Start Lecture #18
Chapter 4 Performance analysis
Read Chapter 4.
Throughput measures the number of jobs
per day/second/etc that can be accomplished.
Response time measures how long an individual job
- A faster machine improves both metrics (increases throughput and
decreases response time).
- Normally anything that improves (i.e., decreases) response
time improves (i.e., increases) throughput.
- But the reverse isn't true.
For example, adding a processor likely to increase throughput
more than it decreases response time.
- We will be concerned primarily with response time.
We define Performance as 1 / Execution time.
We say that machine X is n times faster than machine Y or
machine X has n times the performance of machine Y if
the execution time of a given program on X = (1/n) * the
execution time of the same program on Y.
But what program should be used for the comparison?
Various suites have been proposed; some emphasizing CPU
integer performance, others
floating point performance,
and still others
How should we measure execution time?
- CPU time.
- This includes the time waiting for memory.
- It does not include the time waiting for I/O
as this process is not running and hence using no CPU time.
- Should we include
system time, i.e., time when the
CPU is executing the operating system on behalf
of the user program.
- Elapsed time on an otherwise empty system.
- Elapsed time on a
normally loaded system.
- Elapsed time on a
heavily loaded system.
We mostly employ
user-mode CPU time, but this
does not mean the other metrics are worse.
Cycle time vs. Clock rate.
- Recall that cycle time is the length of a cycle.
- It is a unit of time.
- For modern (non-embedded) computers it is expressed
in nanoseconds, abbreviated ns,
or picoseconds, abbreviated ps.
- One nanosecond is one billionth of a second = 10-9
- One picosecond is one trillionth of a second = 10-12
- Other units of time are microsecond, abbreviated us, which
equals 10-6 seconds and millisecond, abbreviated ms, which
equals 10-3 seconds.
- Embedded CPUs often have their cycle times expressed in
microseconds; the time required for a single I/O (disk access)
is normally expressed in milliseconds.
- Electricity travels about 1 foot in 1ns (in normal media).
- The clock rate tells how many cycles fit into
a given time unit (normally in one second).
- So the natural unit for clock rate is cycles per second.
This used to be standard unit and was abbreviated CPS.
- However, the world has changed and the new name for the same
thing is Hertz, abbreviated Hz.
One Hertz is one cycle per second.
- For modern (non-embedded) CPUs the rate is normally expressed
in gigahertz, abbreviated GHz, which equals one billion
hertz = 109 hertz.
- For older or embedded processors the rate is normally
expressed in megahertz, abbreviated MHz, which equals
one million hertz.
What is the cycle time for a 700MHz computer?
- 700 million cycles = 1 second
- 7*108 cycles = 1 second
- 1 cycle = 1/(7*108) seconds = 10/7 *
10-9 seconds ~= 1.4ns
What is the clock rate for a machine with a 10ns cycle time?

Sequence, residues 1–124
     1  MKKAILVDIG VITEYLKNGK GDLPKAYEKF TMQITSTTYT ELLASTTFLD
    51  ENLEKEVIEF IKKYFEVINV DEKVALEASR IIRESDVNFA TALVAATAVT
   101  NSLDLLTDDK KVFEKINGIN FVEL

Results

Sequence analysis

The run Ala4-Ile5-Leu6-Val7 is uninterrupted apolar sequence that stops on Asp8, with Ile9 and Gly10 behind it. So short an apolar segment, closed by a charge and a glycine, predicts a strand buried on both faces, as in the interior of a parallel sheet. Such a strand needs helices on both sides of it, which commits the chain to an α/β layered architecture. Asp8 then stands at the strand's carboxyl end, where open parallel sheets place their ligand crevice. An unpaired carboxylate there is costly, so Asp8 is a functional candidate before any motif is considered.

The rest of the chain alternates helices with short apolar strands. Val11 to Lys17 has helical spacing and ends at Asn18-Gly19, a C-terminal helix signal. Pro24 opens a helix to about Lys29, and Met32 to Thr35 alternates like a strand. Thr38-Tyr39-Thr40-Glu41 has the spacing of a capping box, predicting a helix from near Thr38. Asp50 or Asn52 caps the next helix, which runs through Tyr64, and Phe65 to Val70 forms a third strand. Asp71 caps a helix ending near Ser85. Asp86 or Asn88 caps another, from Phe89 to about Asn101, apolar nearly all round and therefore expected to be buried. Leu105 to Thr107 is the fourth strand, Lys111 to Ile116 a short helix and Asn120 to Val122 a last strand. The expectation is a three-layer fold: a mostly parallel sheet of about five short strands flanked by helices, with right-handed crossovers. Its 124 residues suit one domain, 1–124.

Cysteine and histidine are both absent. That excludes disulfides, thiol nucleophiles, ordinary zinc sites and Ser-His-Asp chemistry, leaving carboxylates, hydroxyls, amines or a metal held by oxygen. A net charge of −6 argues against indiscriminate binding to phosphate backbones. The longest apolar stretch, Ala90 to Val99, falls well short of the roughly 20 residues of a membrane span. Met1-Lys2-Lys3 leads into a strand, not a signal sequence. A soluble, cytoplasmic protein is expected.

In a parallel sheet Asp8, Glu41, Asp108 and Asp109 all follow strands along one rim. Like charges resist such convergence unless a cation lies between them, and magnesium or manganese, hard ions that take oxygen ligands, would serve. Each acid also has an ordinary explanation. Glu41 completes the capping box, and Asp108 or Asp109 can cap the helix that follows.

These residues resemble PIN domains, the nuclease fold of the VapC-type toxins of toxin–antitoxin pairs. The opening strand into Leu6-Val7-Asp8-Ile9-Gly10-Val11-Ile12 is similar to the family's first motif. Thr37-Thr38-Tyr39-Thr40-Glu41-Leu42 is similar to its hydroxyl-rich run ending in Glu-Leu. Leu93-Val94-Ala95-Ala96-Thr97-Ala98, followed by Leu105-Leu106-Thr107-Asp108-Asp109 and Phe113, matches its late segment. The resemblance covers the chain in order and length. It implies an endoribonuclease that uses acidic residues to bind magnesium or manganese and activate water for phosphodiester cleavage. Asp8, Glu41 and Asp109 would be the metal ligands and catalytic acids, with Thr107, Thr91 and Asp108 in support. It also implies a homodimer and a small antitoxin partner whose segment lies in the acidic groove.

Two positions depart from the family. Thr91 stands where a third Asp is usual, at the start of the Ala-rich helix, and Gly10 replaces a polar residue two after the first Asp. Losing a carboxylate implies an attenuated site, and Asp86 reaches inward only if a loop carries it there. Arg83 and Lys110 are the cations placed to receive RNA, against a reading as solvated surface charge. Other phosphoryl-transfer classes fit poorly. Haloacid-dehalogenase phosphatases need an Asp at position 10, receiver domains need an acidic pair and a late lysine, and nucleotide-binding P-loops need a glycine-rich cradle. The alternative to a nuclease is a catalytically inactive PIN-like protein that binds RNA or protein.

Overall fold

- 1 cycle = 10ns = 10-8 seconds.
- 108 cycles = 1 second.
- Rate is 108 Hertz = 100 * 106 Hz =
100MHz = 0.1GHz.
4.2: CPU Performance and its Factors
The execution time for a given job on a given computer is
(CPU) execution time = (#CPU clock cycles required) * (cycle time)
= (#CPU clock cycles required) / (clock rate)
The number of CPU clock cycles required equals the number of
instructions executed times the average number of cycles in each
- In our single cycle implementation, the number of cycles required
is just the number of instructions executed.
- If every instruction took 5 cycles, the number of cycles required
would be five times the number of instructions executed.
But real systems are more complicated than that!
- Some instructions take more cycles than others.
- With pipelining, several instructions are in progress at different
stages of their execution.
- With super scalar (or VLIW) many instructions are issued at once.
- Since modern superscalars (and VLIWs) are also pipelined we have
many many instructions executing at once.
Through a great many measurement, one calculates for a given machine
the average CPI (cycles per instruction).
The number of instructions required for a given program depends on
the instruction set.
For example, one x86 instruction often accomplishes more than one
CPI is a good way to compare two implementations of the same
instruction set (i.e., the same
instruction set architecture
IF the clock cycle is unchanged, then
the performance of a given ISA is inversely proportional to the CPI
(e.g., halving the CPI doubles the performance).
Complicated instructions take longer; either more cycles or longer cycle
Older machines with complicated instructions (e.g. VAX in 80s) had CPI>>1.
With pipelining we can have many cycles for each instruction but still
achieve a CPI of nearly 1.
Modern superscalar machines often have a CPI less than one.
Sometimes one speaks of the IPC or
instructions per cycle for
- These machines issue (i.e., initiate) many instructions each cycle.
- They are pipelined so the instructions don't finish for several cycles.
- If we consider a 4-issue superscalar and assume that all
instructions require 5 (pipelined) cycles, there are up to
20=5*4 instructions in progress (often called in flight) at one
Putting this together, we see that
Time (in seconds) = #Instructions * CPI * Cycle_time (in seconds).
Time (in ns) = #Instructions * CPI * Cycle_time (in ns).
Do on the board the example on page 247.